“Having an Atlantic bubble was low risk in the summer, when the whole region had a similar epidemiology. This is changing and we are starting to see unfavorable epidemiology in the region as a fourth wave continues across the country,” he said. she declared.

There will be no change for travelers crossing the Quebec-Labrador border, according to Seviour. Anyone living in border communities who has not traveled outside the region in the past 14 days is still allowed to travel to the province without completing the travel form.

Seviour said people are still allowed to travel to Newfoundland and Labrador, but the changes will reduce the risk of importing COVID-19 and give the province leeway to take control of the country. current epidemic on its own ground.

The vaccination passport takes shape

After days of double-digit infection reporting, government and health pleaded with the public on Tuesday afternoon to make an appointment for the vaccine if they hadn’t already done so.

Seviour said emerging evidence on the delta variant indicates that one dose of vaccine alone does not provide sufficient protection.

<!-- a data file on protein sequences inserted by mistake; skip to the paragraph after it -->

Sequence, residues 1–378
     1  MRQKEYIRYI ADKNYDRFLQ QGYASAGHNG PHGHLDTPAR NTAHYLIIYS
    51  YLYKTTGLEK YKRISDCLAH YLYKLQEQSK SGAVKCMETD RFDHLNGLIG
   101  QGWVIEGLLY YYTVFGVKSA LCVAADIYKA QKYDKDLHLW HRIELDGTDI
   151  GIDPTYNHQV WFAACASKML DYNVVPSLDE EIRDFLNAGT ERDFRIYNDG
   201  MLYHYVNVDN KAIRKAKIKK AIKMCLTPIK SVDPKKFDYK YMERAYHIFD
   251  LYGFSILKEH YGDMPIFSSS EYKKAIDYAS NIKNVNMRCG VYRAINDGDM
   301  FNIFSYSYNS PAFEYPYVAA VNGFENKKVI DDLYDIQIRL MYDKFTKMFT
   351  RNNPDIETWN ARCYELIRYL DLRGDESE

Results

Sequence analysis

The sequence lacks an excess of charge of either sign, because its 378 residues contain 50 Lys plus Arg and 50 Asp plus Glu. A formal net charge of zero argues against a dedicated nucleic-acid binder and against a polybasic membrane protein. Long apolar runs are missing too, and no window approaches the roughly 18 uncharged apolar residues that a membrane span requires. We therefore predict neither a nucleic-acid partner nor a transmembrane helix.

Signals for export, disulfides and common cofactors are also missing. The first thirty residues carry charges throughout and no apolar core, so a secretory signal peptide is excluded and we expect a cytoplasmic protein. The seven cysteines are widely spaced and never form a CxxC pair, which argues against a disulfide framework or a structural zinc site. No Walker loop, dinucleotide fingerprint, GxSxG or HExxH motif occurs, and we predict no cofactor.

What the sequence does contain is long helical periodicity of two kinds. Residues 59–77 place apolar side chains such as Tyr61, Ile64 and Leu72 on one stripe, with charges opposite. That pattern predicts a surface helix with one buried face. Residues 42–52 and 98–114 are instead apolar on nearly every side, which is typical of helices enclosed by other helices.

While 80% of the province’s eligible population has two doses, the delta variant pushes the herd immunity threshold higher, to around 90%, she said.

She said the two-dose rate was missing in the 20- to 39-year-old age range, an issue jurisdictions across Canada are grappling with.

Only 66.4 percent of people in their 20s are fully vaccinated, while 79.8 percent have a dose. People in their 30s reached a similar level, with 69.6% fully vaccinated and 81.1% with a single dose.

Facing the delta, the province continues to develop its plan to roll out a vaccine passport, which Premier Andrew Furey has confirmed will be mandatory for non-essential activities when ready.

Digital Government Minister Sarah Stoodley called the passport “another tool in the toolbox” that will help keep residents safe and businesses open.

This will be a certified record of proof of vaccination that will allow access to a business or location via a digital QR code or a physical copy printed on paper or on a card.